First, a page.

When we were out doing French Polynesia in the '70s, most boats were under 40', many well under. One French Couple had sailed from home in a converted Life Boat that wasn't much more than 20' if that. Grant, who probably is on the list, cruised with his wife on a 26' boat, we were on a 32', many others in boats in the mid 30's. The single humongous boat was a 44' that had the novelty of novelties, a washer dryer combo. Their gear was good for a lot of conversation among us cruisers on why you'd want, let alone install, a W/D on a boat. The idea of cruising on a boat bigger than 40' was largely a foreign concept. Of course most of us were in our late 20's, 30's and sailed what we could afford.

Since GPS has ruined cruising, anyone with enough money to buy a condo can buy a floating one and point it somewhere. One upmanship seems to have taken over with half century catamarans that have more heads than crew aren't at all unusual. It's not that you need all that boat but that they can afford it.

A boat with the reputation of the PSC should be stout enough even for sailing the Capes. Wouldn't hesitate a moment in taking one that was reasonably prepared almost anywhere.
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post #8 of 26 Old 09-01-2018
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Re: long distance cruising in a PS 34?

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Joshua Slocum's Spray was 36-foot-9-inches long.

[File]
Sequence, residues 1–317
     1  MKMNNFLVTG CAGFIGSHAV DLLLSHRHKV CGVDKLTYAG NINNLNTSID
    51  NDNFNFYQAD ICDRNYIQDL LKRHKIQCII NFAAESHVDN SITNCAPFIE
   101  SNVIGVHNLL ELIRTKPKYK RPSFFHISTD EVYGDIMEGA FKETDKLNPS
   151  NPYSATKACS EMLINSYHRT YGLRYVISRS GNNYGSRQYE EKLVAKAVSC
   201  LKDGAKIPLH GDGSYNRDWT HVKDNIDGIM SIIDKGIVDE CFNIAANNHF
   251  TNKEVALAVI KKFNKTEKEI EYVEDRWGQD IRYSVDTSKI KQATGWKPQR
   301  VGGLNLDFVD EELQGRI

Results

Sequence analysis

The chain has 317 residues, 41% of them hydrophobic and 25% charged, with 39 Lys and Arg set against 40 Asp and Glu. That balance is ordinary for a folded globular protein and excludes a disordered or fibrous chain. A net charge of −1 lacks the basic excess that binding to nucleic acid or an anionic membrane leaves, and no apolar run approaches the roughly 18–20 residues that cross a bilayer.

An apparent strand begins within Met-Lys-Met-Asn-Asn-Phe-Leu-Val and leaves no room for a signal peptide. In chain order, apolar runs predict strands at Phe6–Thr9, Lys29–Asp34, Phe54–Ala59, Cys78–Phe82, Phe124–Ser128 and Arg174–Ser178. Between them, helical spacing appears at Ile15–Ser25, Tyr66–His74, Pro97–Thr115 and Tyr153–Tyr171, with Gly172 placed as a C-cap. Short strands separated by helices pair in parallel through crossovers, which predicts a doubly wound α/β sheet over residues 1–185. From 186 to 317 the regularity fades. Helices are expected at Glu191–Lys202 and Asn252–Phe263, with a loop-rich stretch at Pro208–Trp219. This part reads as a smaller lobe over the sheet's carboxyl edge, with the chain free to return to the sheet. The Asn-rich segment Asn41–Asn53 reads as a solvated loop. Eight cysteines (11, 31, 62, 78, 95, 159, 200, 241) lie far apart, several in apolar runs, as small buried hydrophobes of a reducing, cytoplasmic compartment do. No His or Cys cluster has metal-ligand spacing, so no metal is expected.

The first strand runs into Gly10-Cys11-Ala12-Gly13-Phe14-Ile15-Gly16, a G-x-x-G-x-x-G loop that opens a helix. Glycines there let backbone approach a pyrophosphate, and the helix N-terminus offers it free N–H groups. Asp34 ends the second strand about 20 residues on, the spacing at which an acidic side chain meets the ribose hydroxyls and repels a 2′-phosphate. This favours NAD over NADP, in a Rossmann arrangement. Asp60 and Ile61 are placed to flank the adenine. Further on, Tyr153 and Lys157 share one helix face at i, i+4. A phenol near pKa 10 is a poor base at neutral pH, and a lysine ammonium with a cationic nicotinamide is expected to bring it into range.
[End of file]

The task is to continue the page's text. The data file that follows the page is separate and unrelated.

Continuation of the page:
The standards have changed since 1895.

Tons of much smaller boats have done these types of crossings.

The question is do you have the skills to make this type of crossing and is the boat well founded for it. Pacific Seacraft are well made boats but if you have 30 year old rigging it might not survive a crossing if you hit rough weather.

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post #9 of 26 Old 09-01-2018
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Re: long distance cruising in a PS 34?

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forgive my ignorance,, but what do they do when storms come round try to out sail them? I'd think that would be a helluva bumpy ride in a small boat...
The theory is the bigger a boat the better it can handle heavy weather. Which would be more comfortable in a storm, a 45 footer racer/cruiser or a full keeled double ender like the PSC34?
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post #10 of 26 Old 09-02-2018
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Re: long distance cruising in a PS 34?

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The standards have changed since 1895.
But have they really? Aren't most of us sailing the boats we can afford? I've not seen a lot of 1%ers sailing PSC 34's or poor folks sailing 66' Oysters.
Joshua Slocum probably couldn't have afforded a bigger boat, and as it was if memory serves, he rebuilt it stem to stern. Not only he was the first solo circumnavigator, he probably did it on the first project boat, too. lol.